Notwithstanding the fact that managing a MOOC is a lot of work, I would argue the investment is worth it. Think about it: you can access tens of thousands of customers and prospective customers who are becoming increasingly immune to traditional advertising. By educating them, you build up your goodwill and engender a sense of trust in your brand.

Then there’s CSR to consider. Does the company have an ethical responsibility to help the community through MOOCs? Not to mention the kudos that goes with it.

So while the financial viability of MOOCs has come under heavy fire in the blogosphere, the ROI might be more complicated than the profit-and-loss statement suggests.

6. Becoming involved

If running a MOOC is a bridge too far for the organisation, there are other opportunities to become involved.

For example, the University of Virginia’s Foundations of Business Strategy MOOC invites real companies to supply real business problems for the (tens of thousands) of students to solve collaboratively.

As Foldit can attest, problem solving through crowdsourcing really works – and sometimes the results are spectacular.

7. Mining big data

This wades into the murky waters of privacy and ethics, but theoretically at least, a company could purchase access to a particular MOOC’s analytics.

Why would it want to do that? Perhaps to:

  • Offer internships to the participants who achieve the highest results.
  • Uncover trends in the online discussions, and hence forecast consumer behaviour.
  • Target the students, who self-evidently have an interest in the domain, with direct marketing for related products and services.

And if the organisation were to run its own MOOC, it wouldn’t need to pay anyone for the data.

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Facts are a bitch

28 October 2010

CameraThis morning I posted the following question to Twitter:

What do you think of Parrashoot as the name of a local photography competition in Parramatta?

The word play is genius, no?

Now, for those of you who don’t know, Parramatta is the cosmopolitan sister city of Sydney, approximately 23 kilometres (14 miles) west of the Harbour Bridge.

Due to its geographical location and its colourful history, it is often put down by yuppies and wanna-be’s, and is typically lumped into the broad, vague and lazy category “Sydney’s West” which features prominently on the nightly news.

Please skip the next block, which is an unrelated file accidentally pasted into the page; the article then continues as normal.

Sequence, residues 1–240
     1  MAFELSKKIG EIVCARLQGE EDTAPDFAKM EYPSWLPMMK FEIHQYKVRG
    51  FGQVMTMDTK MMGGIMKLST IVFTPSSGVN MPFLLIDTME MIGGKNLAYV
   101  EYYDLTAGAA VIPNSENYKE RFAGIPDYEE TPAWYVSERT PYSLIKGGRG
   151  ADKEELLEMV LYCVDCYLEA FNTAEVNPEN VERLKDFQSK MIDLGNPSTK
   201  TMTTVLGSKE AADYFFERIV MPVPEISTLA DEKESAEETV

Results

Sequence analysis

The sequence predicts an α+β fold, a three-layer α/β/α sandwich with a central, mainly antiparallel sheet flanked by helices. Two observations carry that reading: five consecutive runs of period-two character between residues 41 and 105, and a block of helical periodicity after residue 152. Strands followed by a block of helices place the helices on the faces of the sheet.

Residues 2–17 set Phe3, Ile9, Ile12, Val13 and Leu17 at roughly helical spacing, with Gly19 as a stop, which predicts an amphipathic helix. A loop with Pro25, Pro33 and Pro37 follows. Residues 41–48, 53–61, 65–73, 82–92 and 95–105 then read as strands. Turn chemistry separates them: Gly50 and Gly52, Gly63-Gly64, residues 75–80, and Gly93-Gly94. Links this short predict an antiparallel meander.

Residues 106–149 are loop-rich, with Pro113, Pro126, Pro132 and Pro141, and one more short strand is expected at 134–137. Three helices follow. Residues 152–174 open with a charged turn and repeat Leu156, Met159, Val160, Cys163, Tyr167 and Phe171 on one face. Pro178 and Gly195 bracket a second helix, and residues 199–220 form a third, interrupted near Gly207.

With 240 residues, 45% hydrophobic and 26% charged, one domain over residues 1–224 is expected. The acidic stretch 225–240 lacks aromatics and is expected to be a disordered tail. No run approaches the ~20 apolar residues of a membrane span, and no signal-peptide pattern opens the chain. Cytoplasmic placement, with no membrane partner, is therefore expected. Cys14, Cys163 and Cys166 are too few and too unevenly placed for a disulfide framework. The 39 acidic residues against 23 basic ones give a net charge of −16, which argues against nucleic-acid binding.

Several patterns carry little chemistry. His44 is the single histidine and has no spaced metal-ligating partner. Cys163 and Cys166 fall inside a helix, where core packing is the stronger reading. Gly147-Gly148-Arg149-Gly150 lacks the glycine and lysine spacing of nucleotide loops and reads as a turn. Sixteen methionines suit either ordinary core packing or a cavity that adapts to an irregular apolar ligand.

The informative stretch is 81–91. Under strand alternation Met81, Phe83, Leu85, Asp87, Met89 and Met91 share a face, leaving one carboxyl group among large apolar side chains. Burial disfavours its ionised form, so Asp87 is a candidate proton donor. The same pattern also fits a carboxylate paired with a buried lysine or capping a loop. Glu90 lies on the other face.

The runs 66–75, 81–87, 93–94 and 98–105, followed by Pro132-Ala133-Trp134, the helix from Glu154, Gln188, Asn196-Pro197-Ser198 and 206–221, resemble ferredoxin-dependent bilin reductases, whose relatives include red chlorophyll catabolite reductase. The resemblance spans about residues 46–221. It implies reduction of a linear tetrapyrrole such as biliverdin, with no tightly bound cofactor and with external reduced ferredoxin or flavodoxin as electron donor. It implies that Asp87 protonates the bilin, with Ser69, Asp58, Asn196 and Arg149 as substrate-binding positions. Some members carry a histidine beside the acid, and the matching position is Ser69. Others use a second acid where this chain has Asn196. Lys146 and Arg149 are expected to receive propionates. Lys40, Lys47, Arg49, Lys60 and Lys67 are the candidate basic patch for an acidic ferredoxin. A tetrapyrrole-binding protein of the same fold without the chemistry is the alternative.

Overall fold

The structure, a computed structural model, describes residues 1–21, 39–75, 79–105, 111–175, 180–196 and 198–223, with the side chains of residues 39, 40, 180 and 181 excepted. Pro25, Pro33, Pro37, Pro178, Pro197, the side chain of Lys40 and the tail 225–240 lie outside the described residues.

While this view of my local area is about 25 years out of date (and perhaps a little racist?) it doesn’t seem to affect its prevalence.

Anyway, among the replies I received to my tweet was one that linked the fragment “shoot” to homicide. It’s clear the guy was joking, but it got me thinking…

Being the geek I am, I looked up the state’s crime statistics and graphed the homicides recorded by the police from 1995 through to 2009:

Graph of homicides recorded by NSW Police from 1995 through to 2009.

The results are intriguing – not only because the figures are incredibly low for a major metropolis.

Notice how Inner Sydney (the CBD and surrounds) tops the list with 156 reports, followed by Fairfield-Liverpool (southwestern suburbs), then the Hunter (northern wine & coal region), Canterbury-Bankstown (inner southwestern suburbs), Illawarra (south coast) and the Mid North Coast.

Eventually Central West Sydney (which includes Parramatta) makes an appearance with 66 reports, while – hang on! – the well-heeled Eastern Suburbs rounds out the Top 10 with 52 reports.

Oh, my. That’s enough to make oneself gag on one’s latte.

So what’s this got to do with learning?

In the workplace, how often do we L&D professionals make assumptions that simply aren’t true?

I’ll hazard a guess: too often.

My point is, we should endeavour to back up our assumptions with evidence.

• What are the learning priorities of the business?
• What is the most effective mode of delivery?
• Is Gen-Y collaborative?
• Are baby boomers technophobic?
• Does that expensive leadership course improve performance?
• Are our people incapable of self-directed learning?

These are just some of the many questions that we really should answer with data.

Otherwise we may find ourselves about 25 years out of date.

Ass